[Python-ideas] keyword arguments everywhere (stdlib) - issue8706

David Townshend aquavitae69 at gmail.com
Sun Mar 4 08:16:32 CET 2012

On Sun, Mar 4, 2012 at 6:16 AM, Ron Adam <ron3200 at gmail.com> wrote:

> On Sat, 2012-03-03 at 16:46 -0800, Guido van Rossum wrote:
> > On Sat, Mar 3, 2012 at 4:15 PM, Ron Adam <ron3200 at gmail.com> wrote:
> > > I just can't think of a good case where I would want to prohibit
> setting
> > > an argument by name on on purpose.  But I suppose if I encountered a
> > > certain error that may have been caught by doing so, I may think about
> > > doing that. <shrug>
> >
> > Apparently you skipped part of the thread. <shrug**2>
> Yep, I missed Nicks message where he points out...
> > The other use case is APIs like the dict constructor and dict.update
> > which are designed to accept arbitrary keyword arguments, so you don't
> > want to reserve particular names in the calling argument namespace for
> > your positional arguments.
> >>> def dct(a, **kwds):
> ...   return a, kwds
> >>> dct(42, a=2)
> Traceback (most recent call last):
>  File "<stdin>", line 1, in <module>
> TypeError: dct() got multiple values for keyword argument 'a'
> Would the positional decorator fix this particular case?  It seems like
> it would work for forcing an error, but not for multiple values with the
> same name.
> The way to currently get around this is to use *args along with **kwds.
> >>> def dct(*args, **kwds):
> ...     (n,) = args           # errors here if incorrect number of args.
> ...     return n, kwds
> ...
> >>> dct(3, n=7, args=42, kwds='ok')
> (3, {'args': 42, 'kwds': 'ok', 'n': 7})
> The names used with '*' and '**' are already anonymous as far as the foo
> signature is concerned, so you can use args or kwds as keywords without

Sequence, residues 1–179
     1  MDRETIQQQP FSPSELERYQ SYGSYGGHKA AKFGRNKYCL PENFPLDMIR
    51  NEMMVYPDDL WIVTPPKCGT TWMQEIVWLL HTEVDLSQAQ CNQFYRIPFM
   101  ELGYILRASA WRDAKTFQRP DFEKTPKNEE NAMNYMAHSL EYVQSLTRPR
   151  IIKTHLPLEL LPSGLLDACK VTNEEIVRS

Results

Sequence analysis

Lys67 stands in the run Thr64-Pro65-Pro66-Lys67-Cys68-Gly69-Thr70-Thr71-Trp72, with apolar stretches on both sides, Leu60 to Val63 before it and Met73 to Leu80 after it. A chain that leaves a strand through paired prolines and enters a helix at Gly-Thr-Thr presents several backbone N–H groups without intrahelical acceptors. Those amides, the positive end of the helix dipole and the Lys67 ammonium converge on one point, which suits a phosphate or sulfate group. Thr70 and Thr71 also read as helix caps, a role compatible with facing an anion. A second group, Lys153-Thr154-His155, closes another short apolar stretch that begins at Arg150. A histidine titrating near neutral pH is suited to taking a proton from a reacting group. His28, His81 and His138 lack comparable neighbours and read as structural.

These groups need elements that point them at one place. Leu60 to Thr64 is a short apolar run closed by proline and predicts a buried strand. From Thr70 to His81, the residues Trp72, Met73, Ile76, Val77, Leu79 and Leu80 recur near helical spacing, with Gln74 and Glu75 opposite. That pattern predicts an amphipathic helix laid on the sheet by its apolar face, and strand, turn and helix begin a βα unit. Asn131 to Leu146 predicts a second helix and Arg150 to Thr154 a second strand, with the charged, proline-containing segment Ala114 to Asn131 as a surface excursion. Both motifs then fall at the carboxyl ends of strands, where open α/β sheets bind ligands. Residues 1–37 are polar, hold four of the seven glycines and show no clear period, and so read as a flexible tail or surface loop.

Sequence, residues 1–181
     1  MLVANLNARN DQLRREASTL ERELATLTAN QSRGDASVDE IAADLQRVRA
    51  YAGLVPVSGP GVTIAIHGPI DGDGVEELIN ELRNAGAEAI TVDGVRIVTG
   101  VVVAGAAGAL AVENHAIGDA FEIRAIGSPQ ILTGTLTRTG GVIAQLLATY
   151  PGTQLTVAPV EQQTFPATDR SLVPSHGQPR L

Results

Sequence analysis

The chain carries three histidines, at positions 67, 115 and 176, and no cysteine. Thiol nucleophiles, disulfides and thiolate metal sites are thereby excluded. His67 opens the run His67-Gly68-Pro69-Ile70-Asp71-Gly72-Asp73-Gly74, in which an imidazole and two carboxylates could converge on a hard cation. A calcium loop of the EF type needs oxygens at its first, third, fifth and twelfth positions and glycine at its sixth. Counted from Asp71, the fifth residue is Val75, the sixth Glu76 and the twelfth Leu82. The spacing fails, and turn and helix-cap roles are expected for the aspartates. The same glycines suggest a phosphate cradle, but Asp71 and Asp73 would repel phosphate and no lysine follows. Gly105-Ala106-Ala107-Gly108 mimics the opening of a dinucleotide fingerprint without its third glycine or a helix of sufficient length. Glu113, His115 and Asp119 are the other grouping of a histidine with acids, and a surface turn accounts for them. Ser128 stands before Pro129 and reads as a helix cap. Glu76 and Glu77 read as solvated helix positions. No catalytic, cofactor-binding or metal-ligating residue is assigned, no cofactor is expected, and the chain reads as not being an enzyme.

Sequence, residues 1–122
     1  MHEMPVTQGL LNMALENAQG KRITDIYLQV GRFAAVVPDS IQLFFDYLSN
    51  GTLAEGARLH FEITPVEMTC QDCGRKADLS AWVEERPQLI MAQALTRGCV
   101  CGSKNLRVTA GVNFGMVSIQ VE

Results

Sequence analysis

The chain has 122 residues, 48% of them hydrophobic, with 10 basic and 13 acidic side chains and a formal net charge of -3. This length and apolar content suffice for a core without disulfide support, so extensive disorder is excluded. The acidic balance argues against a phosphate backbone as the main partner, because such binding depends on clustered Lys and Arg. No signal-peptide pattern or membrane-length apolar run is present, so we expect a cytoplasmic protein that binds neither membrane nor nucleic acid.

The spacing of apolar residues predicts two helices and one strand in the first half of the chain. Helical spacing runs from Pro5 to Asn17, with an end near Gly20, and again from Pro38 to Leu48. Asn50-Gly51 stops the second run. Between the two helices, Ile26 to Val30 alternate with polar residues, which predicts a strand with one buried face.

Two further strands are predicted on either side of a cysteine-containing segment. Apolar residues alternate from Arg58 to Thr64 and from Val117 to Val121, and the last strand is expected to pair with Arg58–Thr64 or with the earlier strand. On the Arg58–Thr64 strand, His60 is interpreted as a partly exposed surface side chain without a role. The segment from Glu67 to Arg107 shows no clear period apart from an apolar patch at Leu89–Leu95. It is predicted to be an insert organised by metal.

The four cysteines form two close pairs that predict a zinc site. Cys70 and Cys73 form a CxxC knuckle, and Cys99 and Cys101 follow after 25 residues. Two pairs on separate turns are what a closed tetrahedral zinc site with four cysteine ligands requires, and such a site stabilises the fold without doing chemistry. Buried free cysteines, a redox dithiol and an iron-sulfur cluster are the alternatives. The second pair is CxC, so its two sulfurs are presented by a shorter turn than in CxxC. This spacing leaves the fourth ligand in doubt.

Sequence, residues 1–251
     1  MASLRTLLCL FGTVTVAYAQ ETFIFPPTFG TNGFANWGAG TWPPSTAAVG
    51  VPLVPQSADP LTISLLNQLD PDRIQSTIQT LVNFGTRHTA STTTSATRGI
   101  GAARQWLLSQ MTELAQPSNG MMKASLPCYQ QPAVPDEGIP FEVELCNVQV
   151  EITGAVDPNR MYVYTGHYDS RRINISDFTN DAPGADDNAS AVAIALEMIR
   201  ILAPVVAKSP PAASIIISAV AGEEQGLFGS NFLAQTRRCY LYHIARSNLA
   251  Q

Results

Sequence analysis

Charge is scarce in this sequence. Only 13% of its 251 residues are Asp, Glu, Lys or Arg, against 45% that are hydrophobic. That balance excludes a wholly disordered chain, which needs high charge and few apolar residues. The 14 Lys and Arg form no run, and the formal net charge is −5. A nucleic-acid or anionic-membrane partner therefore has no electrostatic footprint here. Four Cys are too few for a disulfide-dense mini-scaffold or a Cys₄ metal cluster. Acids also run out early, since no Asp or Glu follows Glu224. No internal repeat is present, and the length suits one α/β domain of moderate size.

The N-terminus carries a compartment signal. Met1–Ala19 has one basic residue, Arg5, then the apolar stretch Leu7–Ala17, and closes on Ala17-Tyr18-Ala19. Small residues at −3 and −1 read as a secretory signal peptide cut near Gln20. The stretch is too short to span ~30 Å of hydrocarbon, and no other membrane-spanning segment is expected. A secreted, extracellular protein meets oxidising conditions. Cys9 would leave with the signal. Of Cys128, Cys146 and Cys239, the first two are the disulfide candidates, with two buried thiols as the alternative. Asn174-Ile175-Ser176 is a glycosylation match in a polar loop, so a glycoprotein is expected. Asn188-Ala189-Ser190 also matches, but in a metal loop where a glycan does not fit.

> a problem.
> I'm not sure what the positional decorator would gains over this.
> The other use case mentioned is the one where you point out overriding
> an undocumented variable name.  Seems like this is a question of weather
> or not it is better to make python behavior match the C builtins
> behavior, vs making the C builtins behavior match python behavior.
> Cheers,
>   Ron
> _______________________________________________
> Python-ideas mailing list
> Python-ideas at python.org
> http://mail.python.org/mailman/listinfo/python-ideas

There are two issues being discussed here:

1.  A new syntax for positional-only arguments.  I don't really see any
good use case for this which can't already be dealt with quite easily using
*args.  True, it means a bit more work on the documentation, but is it
really worth adding new syntax (or even a built-in decorator) just for that?

2.  How to avoid the problems with name-binding to an intended positional
only argument.  Once again, this can be dealt with using *args.

In both cases it would be nice to be able to avoid having to manually parse
*args and **kwargs, but I haven't really seen anything better that the
status quo for dealing with them. The only way I see this really working is
to somehow bind positional-only arguments without binding each them to a
specific name, and the only way I can think of to do that is to store them
in a tuple.  Perhaps, then, the syntax should reflect a C-style array:

# pos(2) indicates 2 positional arguments
def f(pos(2), arg1, *args, **kwargs):

>>> f(1, 2, 'other', 'args', pos='arguments')
(1, 2)
{'pos': 'arguments'}

I'm +0 on the whole idea, but only if it deals with both issues.

-------------- next part --------------
An HTML attachment was scrubbed...
URL: <http://mail.python.org/pipermail/python-ideas/attachments/20120304/7512b0eb/attachment.html>

More information about the Python-ideas mailing list